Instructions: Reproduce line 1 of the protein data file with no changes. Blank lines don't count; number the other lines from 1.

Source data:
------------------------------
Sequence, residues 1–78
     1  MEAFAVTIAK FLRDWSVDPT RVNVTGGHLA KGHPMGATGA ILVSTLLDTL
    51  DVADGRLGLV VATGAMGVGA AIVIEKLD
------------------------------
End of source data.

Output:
Sequence, residues 1–78